Eduardo Souto de Moura
Eduardo Souta de Mora. Photo: Francisco Nogueira
At the youthful age of 58, Portuguese architect Eduardo Souto de Moura has won architecture’s most prestigious award, the Pritzker Prize (regarded as architecture’s Nobel Prize). He now enters the ranks of an elite lineage of architects who have been honored with the Prize since its inception in 1979. One of Mr. Souto de Moura’s early mentors, Alvaro Siza, also from Portugal, won the prize in 1992. It would appear the young protégé studied well.
In architecture, lineage like this is significant because so much of the discipline is passed down through mentoring. To make a crass reference to popular culture, architects are perhaps like Jedi knights: trained in the ways of the “force” by their “masters”. So, one lesson to take away from this is that a good master can make a difference. But this is only part of the picture. Souto de Moura worked in Siza’s office for a mere four years, from 1975 to 1979. Since 1980 he has had his own office in his hometown of Porto, where most of his projects have been built.
M9 Museum (proposed), Venice. Image courtesy M9 Museum.
Lord Peter Palumbo, Chairman of the jury, had this to say about the decision:
“During the past three decades, Eduardo Souto de Moura has produced a body of work that is of our time but also carries echoes of architectural traditions. His buildings have a unique ability to convey seemingly conflicting characteristics — power and modesty, bravado and subtlety, bold public authority and a sense of intimacy —at the same time.”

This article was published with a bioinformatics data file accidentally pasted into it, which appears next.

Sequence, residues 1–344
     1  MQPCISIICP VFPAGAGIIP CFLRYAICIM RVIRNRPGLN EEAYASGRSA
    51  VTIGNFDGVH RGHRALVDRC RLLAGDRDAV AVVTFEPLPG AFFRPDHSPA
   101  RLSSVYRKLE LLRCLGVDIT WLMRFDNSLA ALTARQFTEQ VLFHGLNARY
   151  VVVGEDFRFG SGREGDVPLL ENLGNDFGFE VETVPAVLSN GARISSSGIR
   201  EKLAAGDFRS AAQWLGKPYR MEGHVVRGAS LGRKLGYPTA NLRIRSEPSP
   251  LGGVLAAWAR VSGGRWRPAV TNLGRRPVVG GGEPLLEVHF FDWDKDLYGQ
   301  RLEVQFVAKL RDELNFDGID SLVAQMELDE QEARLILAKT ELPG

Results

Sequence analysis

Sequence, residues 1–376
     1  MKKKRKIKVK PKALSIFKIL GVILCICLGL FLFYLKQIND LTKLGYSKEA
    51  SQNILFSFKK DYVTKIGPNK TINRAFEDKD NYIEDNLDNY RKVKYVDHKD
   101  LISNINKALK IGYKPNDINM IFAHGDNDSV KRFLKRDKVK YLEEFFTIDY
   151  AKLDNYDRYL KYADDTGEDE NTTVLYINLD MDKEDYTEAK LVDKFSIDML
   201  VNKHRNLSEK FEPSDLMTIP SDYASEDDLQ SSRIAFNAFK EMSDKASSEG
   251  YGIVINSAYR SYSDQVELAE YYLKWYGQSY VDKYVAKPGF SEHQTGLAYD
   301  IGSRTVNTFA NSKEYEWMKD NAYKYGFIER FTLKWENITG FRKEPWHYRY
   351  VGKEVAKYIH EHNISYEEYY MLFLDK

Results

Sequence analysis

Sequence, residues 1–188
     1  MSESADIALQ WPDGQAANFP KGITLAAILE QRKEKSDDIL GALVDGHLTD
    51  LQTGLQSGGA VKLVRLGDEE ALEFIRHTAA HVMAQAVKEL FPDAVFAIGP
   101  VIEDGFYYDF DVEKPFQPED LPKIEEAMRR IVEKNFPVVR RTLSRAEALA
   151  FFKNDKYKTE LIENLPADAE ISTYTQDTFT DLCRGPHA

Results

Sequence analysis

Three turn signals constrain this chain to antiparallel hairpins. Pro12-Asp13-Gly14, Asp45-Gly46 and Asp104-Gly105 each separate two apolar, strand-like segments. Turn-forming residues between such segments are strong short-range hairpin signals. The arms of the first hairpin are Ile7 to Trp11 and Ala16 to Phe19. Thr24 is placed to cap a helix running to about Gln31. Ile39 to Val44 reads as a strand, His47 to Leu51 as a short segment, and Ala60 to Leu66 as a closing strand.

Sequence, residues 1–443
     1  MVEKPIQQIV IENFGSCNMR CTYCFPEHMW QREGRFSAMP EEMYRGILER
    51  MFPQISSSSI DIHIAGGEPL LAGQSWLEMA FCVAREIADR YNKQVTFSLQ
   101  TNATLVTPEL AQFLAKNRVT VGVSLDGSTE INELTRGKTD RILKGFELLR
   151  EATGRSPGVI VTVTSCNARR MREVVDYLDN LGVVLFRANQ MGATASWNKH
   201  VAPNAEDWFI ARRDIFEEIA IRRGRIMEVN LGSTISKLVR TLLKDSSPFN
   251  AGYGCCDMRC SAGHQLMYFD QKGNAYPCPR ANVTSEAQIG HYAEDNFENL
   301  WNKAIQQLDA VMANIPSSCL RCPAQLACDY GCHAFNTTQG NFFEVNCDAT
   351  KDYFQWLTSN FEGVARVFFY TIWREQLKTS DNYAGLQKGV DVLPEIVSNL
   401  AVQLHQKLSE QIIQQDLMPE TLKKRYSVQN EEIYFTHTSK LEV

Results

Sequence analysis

As Blair Kamin, Pulitzer Prize-winning Architecture Critic for the Chicago Tribune, has noted, Souto de Moura is sometimes labeled a “neo-Miesian.” This is a respectful way of saying his approach to architecture is similar to that of the late modernist architect, Ludwig Mies van der Rohe. Of course, while this stands out from the vantage point of Chicago, Souto de Moura has so far never built a project in the United States.
Estádio Municipal in Braga. Image courtesy nmota on panoramio.com.
It was Mies who said, “God is in the details.” If this is true then Souto de Moura has surely found God. His designs, whether in ancient stone or steel, exhibit the clean, thoughtful evidence of the Miesian influence of technological modernism. However, if God is in the details so too is the Devil and this is something Souto de Moura must have understood as he forged his own oeuvre apart from any pedigree or historicized movement. Of course, the real truths behind why he won the Pritzker Prize can only be found in the lives of his buildings.
Guy Horton writes on architecture for The Huffington Post. He is a frequent contributor toArchitectural Record, The Architect’s Newspaper, and author of The Indicator, a weekly column on the culture, business and economics of architecture, featured on ArchDaily. He is based in Los Angeles. Follow Guy on Twitter.